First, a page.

- Anonymous and efficient multicast
Multicast applications often require security that is similar to what is offered for unicast. Anonymity is key to allowing nodes to hide their identity/location information from external observers, as well as from one another. We focus on providing anonymous multicast communications where messages are delivered from an anonymous source to multiple anonymous destinations. Our objective is to find ways to construct efficient multicast topologies in the traditional sense (short paths, minimal link utilization) without revealing information that is traditionally required to provide such efficient implementations. We show how shortest-path computations can be performed using an oblivious transfer mechanism so that nodes are able to route along the shortest path without learning the path length or the identities of the nodes along the path (other than their immediate neighbors).
- Network coding in P2P network systems
In current peer-to-peer systems users often suffer from the slow down of the download speed in the beginning and the end of the download. When new users arrive, they do not have anything to offer to their neighbors and get low priority.(Tit-for-tat incentive mechanisms or choking policies may decrease speeds.)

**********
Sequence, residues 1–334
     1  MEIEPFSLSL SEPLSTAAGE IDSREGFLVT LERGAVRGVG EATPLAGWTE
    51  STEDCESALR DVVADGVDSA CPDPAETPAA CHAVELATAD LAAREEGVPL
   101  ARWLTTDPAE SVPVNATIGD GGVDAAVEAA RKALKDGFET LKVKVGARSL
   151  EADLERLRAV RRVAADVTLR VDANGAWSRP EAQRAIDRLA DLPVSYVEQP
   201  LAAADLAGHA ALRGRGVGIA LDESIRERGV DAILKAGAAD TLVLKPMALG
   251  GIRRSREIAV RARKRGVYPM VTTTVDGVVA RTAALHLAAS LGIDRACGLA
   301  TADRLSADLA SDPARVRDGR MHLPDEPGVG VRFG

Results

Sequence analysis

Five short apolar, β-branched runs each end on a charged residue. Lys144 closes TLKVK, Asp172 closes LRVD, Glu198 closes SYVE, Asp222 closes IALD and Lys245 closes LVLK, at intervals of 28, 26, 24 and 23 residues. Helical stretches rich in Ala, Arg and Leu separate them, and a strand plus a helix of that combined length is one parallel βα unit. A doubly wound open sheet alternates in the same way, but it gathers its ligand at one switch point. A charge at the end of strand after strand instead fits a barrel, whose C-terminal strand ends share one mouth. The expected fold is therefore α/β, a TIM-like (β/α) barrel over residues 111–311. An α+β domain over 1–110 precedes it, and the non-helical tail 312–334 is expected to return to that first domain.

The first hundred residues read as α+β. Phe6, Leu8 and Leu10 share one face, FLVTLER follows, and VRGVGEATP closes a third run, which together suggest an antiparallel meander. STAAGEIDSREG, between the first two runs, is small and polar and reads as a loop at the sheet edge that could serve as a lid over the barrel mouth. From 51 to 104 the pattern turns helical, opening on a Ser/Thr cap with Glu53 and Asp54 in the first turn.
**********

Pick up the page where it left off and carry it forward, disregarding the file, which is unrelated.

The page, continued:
At the end of the download there is a last piece problem and the users cannot find the last missing blocks.(Local-rarest policies often fail to identify the globally rarest pieces when users have a limited view of the network.) To solve problems of existing P2P file distribution applications such as BitTorrent, network coding can be used. Each encoded codeword can be unique and useful to any user. Therefore, newly arriving users can easily obtain useful codewords which they can exchange with other users. Also at the end of the download users do not need to wait for a long time before they find their last missing pieces.
- P2P streaming of stored media
Existing P2P networks is often not capable of allowing users to playback the stored media such as video and music files until the entire file
has been downloaded. Systems such as Coolstreaming have presented live media content distribution using P2P network systems. However, stored media is different from live media where all participants are interested in the same part of the stream at the same time.
For stored media users do not need to synchronize playing times.
We explore whether P2P networking can be used to provide real-time playback capabilities for stored media. With real-time playback, users can start playback immediately after requesting the content. Also real-time playback should ensure uninterrupted playback of each user.
Summer Intern, AT&T Labs Research, Florham Park, NJ, Summer 2012